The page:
Rochester's top police retire after suffocation death of Daniel Prude
Top police leaders in Rochester, New York, announced their retirements Tuesday amid nightly protests over the handling of the suffocation death of Daniel Prude, whose family filed a federal lawsuit alleging a cover-up by law enforcement.
Police Chief La’Ron Singletary, Deputy Chief Joseph M. Morabito and a commander retired, while two more leaders gave up command positions. The outgoing chief accused critics of trying to “destroy my character and integrity.”
The abrupt change of course for Singletary, 40, came after “new information that was brought to light today that I had not previously seen before,” Mayor Lovely Warren said during a video call with members of the City Council. She said she did not ask the chief to resign but otherwise did not elaborate.
While the “timing and tenor” of the retirements were difficult, Warren said later at a brief news conference, “I truly believe that we will get through this.”
The sudden announcements came more than five months after the death of Prude, a 41-year-old Black man who died several days after an encounter with police March 23 in New York's third-largest city. There have been nightly protests in the city since the video's release Wednesday.
“The members of the Rochester Police Department and the Greater Rochester Community know my reputation and know what I stand for," Singletary said in a prepared statement. "The mischaracterization and the politicization of the actions that I took after being informed of Mr. Prude’s death is not based on facts, and is not what I stand for.”
Singletary, who spent his entire career in the Rochester Police Department, was appointed chief in April 2019. He will stay on through the end of the month, Warren said. Both the mayor and Singletary are Black.
“This is great news,” said Iman Abid, speaking for Free the People ROC, which has held protests since details of Prude's death emerged. “It says to the people that people are able to move things and to shape things. The police chief wouldn’t retire if it weren’t for something that he felt he was accountable to.”
But, she said, nightly protests will continue to push other demands, including the resignation of the mayor, defunding and demilitarizing of police, and development of a state law barring police departments from responding to mental health crises.
Officers found Prude running naked down the street in March, handcuffed him and put a hood over his head to stop him from spitting, then held him down for about two minutes until he stopped breathing. He died a week later after he was taken off life support.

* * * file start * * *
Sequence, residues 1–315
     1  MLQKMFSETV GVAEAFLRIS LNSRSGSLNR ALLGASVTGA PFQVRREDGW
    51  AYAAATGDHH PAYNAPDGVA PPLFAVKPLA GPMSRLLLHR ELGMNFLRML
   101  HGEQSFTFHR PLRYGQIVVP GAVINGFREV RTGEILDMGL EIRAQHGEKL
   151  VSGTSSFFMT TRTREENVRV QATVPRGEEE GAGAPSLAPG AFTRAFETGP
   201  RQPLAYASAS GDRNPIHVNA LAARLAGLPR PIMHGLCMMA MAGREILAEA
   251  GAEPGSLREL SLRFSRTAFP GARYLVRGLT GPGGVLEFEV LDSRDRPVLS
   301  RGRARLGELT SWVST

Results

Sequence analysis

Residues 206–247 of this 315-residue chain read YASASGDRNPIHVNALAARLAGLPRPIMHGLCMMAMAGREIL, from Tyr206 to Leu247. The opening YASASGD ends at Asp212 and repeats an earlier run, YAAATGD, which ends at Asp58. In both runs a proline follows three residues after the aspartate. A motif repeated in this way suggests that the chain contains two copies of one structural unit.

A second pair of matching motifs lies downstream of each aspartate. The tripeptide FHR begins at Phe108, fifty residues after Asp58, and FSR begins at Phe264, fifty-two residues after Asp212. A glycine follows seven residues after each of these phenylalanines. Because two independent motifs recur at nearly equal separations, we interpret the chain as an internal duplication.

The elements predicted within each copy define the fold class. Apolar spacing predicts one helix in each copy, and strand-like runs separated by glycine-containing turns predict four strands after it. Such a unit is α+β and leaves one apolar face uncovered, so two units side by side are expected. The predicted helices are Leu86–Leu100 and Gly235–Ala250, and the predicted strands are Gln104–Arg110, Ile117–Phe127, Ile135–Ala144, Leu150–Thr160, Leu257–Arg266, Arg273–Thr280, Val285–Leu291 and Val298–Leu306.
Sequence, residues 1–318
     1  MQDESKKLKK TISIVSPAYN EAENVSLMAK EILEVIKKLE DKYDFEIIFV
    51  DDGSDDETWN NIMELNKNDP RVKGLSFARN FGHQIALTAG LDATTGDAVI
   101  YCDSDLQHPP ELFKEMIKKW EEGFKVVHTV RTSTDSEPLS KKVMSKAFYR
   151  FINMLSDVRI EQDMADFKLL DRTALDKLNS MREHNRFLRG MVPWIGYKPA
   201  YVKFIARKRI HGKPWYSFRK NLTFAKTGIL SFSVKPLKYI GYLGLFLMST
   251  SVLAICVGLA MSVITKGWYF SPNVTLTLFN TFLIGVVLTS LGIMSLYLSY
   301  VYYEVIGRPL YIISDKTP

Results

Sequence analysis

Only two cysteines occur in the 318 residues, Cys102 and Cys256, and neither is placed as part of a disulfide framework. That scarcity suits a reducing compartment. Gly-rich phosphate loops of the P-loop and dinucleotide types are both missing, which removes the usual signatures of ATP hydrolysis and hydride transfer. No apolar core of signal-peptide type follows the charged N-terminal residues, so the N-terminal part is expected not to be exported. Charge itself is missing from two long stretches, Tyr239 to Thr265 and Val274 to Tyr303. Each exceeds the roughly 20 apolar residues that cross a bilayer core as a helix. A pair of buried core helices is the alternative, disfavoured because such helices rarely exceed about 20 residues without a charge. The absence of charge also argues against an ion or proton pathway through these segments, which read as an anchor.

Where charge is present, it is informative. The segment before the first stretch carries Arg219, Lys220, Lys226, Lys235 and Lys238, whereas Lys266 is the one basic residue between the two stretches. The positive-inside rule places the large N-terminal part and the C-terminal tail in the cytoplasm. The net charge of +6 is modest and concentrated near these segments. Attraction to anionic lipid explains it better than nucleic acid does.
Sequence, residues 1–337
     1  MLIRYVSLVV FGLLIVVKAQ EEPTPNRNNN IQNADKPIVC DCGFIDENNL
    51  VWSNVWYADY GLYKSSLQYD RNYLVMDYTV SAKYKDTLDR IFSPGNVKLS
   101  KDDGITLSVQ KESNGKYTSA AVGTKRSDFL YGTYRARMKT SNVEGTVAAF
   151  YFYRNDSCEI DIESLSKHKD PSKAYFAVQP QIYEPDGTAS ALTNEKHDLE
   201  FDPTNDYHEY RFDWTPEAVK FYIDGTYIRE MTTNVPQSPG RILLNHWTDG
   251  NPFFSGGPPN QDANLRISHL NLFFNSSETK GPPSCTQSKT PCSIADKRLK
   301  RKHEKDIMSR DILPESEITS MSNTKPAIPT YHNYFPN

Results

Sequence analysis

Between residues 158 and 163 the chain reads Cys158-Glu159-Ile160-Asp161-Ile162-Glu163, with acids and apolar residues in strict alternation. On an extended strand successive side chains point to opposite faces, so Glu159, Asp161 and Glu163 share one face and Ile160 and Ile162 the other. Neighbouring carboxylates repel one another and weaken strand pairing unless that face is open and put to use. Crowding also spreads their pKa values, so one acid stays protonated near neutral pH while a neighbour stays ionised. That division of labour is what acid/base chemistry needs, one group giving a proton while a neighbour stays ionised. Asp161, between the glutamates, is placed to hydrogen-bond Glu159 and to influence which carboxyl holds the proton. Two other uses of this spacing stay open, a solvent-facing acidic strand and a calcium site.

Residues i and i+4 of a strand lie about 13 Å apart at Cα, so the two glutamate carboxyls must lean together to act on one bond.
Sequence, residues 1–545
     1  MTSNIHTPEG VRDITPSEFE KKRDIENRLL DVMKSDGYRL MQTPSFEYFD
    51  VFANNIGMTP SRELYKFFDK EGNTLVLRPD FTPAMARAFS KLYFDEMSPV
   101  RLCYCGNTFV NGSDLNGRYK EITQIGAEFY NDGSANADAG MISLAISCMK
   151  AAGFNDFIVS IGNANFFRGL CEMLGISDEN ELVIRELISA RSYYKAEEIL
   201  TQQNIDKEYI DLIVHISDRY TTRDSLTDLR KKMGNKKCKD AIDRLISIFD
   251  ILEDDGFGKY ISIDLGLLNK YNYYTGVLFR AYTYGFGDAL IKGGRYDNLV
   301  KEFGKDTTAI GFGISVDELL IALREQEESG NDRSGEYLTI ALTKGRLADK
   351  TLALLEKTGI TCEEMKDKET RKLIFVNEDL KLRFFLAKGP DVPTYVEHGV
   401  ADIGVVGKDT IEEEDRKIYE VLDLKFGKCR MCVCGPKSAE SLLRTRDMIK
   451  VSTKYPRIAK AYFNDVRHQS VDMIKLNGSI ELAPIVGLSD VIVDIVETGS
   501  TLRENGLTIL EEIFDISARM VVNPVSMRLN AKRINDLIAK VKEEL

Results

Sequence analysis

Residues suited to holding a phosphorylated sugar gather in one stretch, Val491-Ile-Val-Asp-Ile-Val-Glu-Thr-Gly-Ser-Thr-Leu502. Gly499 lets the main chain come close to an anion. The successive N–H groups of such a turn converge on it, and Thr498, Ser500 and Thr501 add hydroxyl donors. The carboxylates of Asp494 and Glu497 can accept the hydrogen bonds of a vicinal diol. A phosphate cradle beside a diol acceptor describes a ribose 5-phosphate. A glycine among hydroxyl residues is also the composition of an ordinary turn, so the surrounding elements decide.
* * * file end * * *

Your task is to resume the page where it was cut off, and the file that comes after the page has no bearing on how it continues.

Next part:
His brother, Joe Prude, had called 911 seeking help for Daniel Prude’s unusual behavior. He had been taken to a hospital for a mental health evaluation earlier that night but was released after a few hours, his brother told officers.
His death sparked outrage after his relatives last week released police body camera video and written reports they obtained through a public records request.
Seven police officers were suspended a day later, and state Attorney General Letitia James said Saturday she would form a grand jury and conduct an “exhaustive investigation” into Prude’s death.
In a federal lawsuit filed Tuesday, Prude’s family alleged that it took more than 90 seconds for officers to notice he had stopped breathing because they were chatting and making jokes at his expense. Prude’s sister, Tameshay, sued as executor of his estate and named the city of Rochester, Singletary and officers involved in the arrest as defendants.
Prude’s family contends his death and a cover-up stem from longstanding police department policy and practice that “condones and encourages officers to use excessive force as a matter of course, and to lie in official police paperwork and sworn testimony to justify their unlawful actions.”
The lawsuit alleges the police department sought to cover up the true nature of Prude’s death, starting with what Warren said was Singletary reporting to her early on that Prude had an apparent drug overdose.
The lawsuit also argues officers used force against Prude at a time when he “obviously posed no threat to the safety of the officers or anyone else.”
“Mr. Prude was in the midst of an acute, manic, psychotic episode,” the lawsuit states. “Mr. Prude was unarmed, naked and suffering. He needed help.”
Police union officials have said the officers were following their training.